My assessment is that your profession, to some extent, has strayed from these ethical standards and allowed external agendas to manipulate what the American public sees on TV, what they read in our newspapers and what they see on the web. For some of you, just like some of our politicians, the truth is of little to no value if it does not fit your own preconceived notions, biases and agendas.Journalists agree:
"I believe that these newscasts in 2005 and 2006 played the biggest single role in helping to turn public opinion against the war."And still more journalists agree:
We first touched down at a stop before mine, but it was a short hop to the end of the line. Everyone else got out there though - and no one else boarded, so I had a helo to myself.
So I assume we're about to head for the next stop, where I'll hop out too, but the gunner turns to me and I notice his lips are moving - he's trying to communicate with me.
IT IS VERY FREAKING NOISY IN A HELICOPTER AND I HAVE EAR PLUGS STUCK IN ALMOST TO MY TONSILS, but I figure if he wants to chat I can pop one out. He's been in radio contact with the pilots, of course, and they are prepared to make me an offer...
Let's return to a simpler time, when America wasn't the divided nation we know today.
Once again, from the Personal Memoirs of U. S. Grant:
Even during this march of Sherman's the newspapers in his front were proclaiming daily that his army was nothing better than a mob of men who were frightened out of their wits and hastening, panic-stricken, to try to get under the cover of our navy for protection against the Southern people.
Of course, he was referencing papers published by his enemy...
As was General Sherman, in his own memoirs:
At Milledgeville [Georgia] we found newspapers from all the South, and learned the consternation which had filled the Southern mind at our temerity; many charging that we were actually fleeing for our lives and seeking safety at the hands of our fleet on the sea-coast.Later, however,
Thousands who had been deceived by their lying newspapers to believe that we were being whipped all the time now realize the truth...
Perhaps it will always be so.
General Sherman summarized his thoughts on reporters thusly:
Newspaper correspondents with an army, as a rule, are mischievous. They are the world's gossips, pick up and retail the camp scandal, and gradually drift to the headquarters of some general, who finds it easier to make reputation at home than with his own corps or division. They are also tempted to prophesy events and state facts which, to an enemy, reveal a purpose in time to guard against it. Moreover, they are always bound to see facts colored by the partisan or political character of their own patrons, and thus bring army officers into the political controversies of the day, which are always mischievous and wrong. Yet, so greedy are the people at large for war news, that it is doubtful whether any army commander can exclude all reporters, without bringing down on himself a clamor that may imperil his own safety. Time and moderation must bring a just solution to this modern difficulty.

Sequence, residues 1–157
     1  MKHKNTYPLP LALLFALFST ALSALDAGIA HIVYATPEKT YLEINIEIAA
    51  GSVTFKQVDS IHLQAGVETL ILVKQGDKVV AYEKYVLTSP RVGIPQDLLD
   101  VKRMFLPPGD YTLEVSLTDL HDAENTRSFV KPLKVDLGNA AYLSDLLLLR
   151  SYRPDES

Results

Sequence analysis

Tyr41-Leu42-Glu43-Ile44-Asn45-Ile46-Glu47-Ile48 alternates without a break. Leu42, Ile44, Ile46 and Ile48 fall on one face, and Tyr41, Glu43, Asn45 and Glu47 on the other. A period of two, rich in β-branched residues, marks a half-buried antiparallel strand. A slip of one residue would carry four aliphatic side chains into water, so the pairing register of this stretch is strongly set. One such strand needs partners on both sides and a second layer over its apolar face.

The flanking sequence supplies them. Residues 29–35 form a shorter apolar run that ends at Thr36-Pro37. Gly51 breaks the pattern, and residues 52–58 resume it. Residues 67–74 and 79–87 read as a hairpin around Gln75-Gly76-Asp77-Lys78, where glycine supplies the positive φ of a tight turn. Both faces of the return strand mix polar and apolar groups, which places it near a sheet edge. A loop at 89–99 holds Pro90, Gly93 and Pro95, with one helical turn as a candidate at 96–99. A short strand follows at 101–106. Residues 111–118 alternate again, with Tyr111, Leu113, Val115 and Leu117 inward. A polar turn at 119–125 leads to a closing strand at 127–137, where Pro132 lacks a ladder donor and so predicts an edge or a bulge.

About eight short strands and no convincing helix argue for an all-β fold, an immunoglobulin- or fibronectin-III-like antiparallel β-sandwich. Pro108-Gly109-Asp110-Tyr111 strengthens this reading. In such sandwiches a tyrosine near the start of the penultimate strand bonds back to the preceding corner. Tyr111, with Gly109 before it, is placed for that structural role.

How much time? The only certain answer is that 140 years has not been enough.
For Lt Gen Sanchez struggles with it, too:
There is no question in my mind that the strength our democracy and our freedoms remain linked to your ability to exercise freedom of the press - I adamantly support this basic foundation of our democracy and completely supported the embedding of media into our formations up until my last day in uniform. The issue is one of maintaining professional ethics and standards from within your institution.And while also frustrated by a seemingly adversarial relationship, General Grant would go out of his way to assist a reporter in need - as evidenced by this story from his memoirs:
I expect there was a bit of inner turmoil involved - but if so, the General (like most) chose not to divulge the details.
In fact, most Generals are adept at careful phrasing and masters of nuanced communications. Perhaps that's why this quote attributed to Sherman tops them all:
"I hate newspapermen. They come into camp and pick up their camp rumors and print them as facts. I regard them as spies, which, in truth, they are. If I killed them all there would be news from Hell before breakfast."
IT IS VERY FREAKING NOISY IN A HELICOPTER AND I HAVE EAR PLUGS STUCK IN ALMOST TO MY TONSILS, but I figure if he wants to chat I can pop one out. I do. He's been in radio contact with the pilots, of course, and they are prepared to make me an offer.
"If you can spare 30 minutes, we can show you some of Baghdad."
Knowing me, you predict I would reply...
a. "Oh no. I promised my wife and mom and kids I would never take any unnecessary risks. Take me somewhere safe and drop me off henceforth, and waste not one more moment of my time!"
b. "Let's do it." with a freaking ear to ear grin as minor back pain suddenly disappears in an obvious message from God.
Answer in part three.
Posted by Greyhawk / October 15, 2007 12:22 PM | Permalink
November 26, 2010
I think anyone who's ever pondered the "comment" option - once only available on blogs and bulletin boards, now ubiquitous on almost any web site - will appreciate this: